As the Russians swarmed through the village near the store house, the German heavy weapons began to bombard the river bank to prevent a Russian retreat. Russian guns were also active but apparently not too effectively. A German infantry company and the survivors of the platoon accompanying the PAK assembled on the western bank of the stream, then counter attacked back through the village. By 1030 hours the PAK crew had recovered their weapon near the store house, and the Russian survivors were trying to flee across the river.
Subsequently the Germans discovered the Lieutenant from the rifle platoon – last seen wounded in the store house – had been captured and shot.
Source: Bidermann (2000), p. 37 -44 .
Key features of the historical village were:
- Kodorov village was in a Y shaped ravine leading to the river.
- A stream ran down the ravine surrounded by heavy undergrowth – thick bushes, trees, and small gardens of sunflowers, tomatoes, and bean plants are mentioned.
- The village houses started at the intersection of the two arms and ran down the ravine to the river.
- The houses were “rustic clay cottages with thatched roofs and whitewashed walls”.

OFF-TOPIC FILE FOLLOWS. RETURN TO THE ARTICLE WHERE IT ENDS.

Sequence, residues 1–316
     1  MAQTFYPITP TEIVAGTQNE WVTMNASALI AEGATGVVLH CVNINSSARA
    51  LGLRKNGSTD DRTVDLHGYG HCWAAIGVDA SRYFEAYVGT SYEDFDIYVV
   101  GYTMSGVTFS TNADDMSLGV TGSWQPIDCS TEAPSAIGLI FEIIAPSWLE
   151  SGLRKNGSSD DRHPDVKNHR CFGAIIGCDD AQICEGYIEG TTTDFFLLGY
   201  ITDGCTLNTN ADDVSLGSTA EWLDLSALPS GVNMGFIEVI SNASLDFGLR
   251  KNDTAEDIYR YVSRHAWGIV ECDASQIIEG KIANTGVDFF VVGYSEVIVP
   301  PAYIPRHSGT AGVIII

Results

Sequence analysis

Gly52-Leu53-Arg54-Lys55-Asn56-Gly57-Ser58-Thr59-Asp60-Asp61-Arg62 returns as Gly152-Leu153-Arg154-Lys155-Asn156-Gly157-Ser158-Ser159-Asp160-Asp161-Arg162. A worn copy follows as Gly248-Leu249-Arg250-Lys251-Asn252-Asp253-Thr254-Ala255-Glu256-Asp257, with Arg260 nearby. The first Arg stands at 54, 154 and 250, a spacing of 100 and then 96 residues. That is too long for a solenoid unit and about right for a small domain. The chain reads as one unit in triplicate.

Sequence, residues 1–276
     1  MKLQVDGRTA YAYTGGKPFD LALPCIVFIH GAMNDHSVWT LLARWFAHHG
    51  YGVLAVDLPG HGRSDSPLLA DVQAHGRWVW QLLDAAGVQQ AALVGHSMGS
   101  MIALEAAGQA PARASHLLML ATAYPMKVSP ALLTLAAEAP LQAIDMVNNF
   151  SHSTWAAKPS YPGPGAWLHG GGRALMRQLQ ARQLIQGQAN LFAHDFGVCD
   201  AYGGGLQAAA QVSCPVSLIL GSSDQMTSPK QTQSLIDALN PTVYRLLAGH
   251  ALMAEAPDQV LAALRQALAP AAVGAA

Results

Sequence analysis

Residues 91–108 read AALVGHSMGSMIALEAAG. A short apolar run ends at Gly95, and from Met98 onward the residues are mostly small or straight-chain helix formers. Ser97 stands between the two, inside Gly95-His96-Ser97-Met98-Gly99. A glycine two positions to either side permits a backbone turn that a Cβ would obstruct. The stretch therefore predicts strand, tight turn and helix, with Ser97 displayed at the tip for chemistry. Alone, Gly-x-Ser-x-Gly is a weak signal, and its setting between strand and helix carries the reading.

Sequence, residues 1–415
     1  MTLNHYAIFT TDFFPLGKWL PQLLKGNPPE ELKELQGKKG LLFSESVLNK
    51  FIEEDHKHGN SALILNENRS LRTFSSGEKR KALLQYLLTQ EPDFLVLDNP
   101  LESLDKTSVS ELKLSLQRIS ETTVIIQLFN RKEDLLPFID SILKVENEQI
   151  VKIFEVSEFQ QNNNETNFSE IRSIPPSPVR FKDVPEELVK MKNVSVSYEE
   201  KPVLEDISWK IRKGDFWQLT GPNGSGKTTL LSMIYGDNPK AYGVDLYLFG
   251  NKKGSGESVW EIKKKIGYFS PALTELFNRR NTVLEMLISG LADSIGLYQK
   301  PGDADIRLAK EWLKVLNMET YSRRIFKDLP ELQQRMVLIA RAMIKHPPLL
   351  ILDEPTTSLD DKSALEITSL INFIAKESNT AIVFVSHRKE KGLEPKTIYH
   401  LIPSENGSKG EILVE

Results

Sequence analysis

- The school – a large stone building – stood out as a reference point.
- There was a small rise behind the school house.
- A tomato farm was on the eastern edge of the village.
- A hill was near the tomato farm with clear views over the river.
- An unpaved road ran through the village and presumably crossed the stream as …
- A wooden bridge crossed the stream.
- A wooden store house was in the centre of the village, on the western bank of the stream. The store house was about 100 m from the bridge and about 300 m from the crest of the ravine. Its proximity to the bridge made the store house a key feature of the fight. The view from here was blocked by houses, hedges and trees.
- Some trees were about 20-30 m from the store house.
- A small rise was about 50 m from the store house. This allowed a view from the top of the ravine to the bridge and the slopes on either side, and allowed a clear view of the school house and the rise behind.
Map produced in CC2
Click map to get full size version
Key features of the map:
- The River Dnieper is to the north.
- The line A-A is the eastern edge of the ravine, with the ravine itself is to the west of this line.
- The Tomato Farm is to the east of the ravine.
- A stream runs through the ravine to to the river, and is surrounded by rough ground.
- Fields are in season.
- Stands on hills can see over fields and hedges, but not houses or woods. Similarly stands on the edge of the ravine can see over fields and hedges within the ravine.
- There are three terrain objectives: the Store House, the School, and the Farm House.
- Battery Hill is not a terrain objective, but is used for deployment.
- Essentially the Germans can deploy on Battery hill and in any structure.
- The Russians enter via the stream bed.
The German player must plot their hidden deployment.
German Player (Defending)
Hold the village and nearby Tomato Farm, and protect the Infantry Gun Company.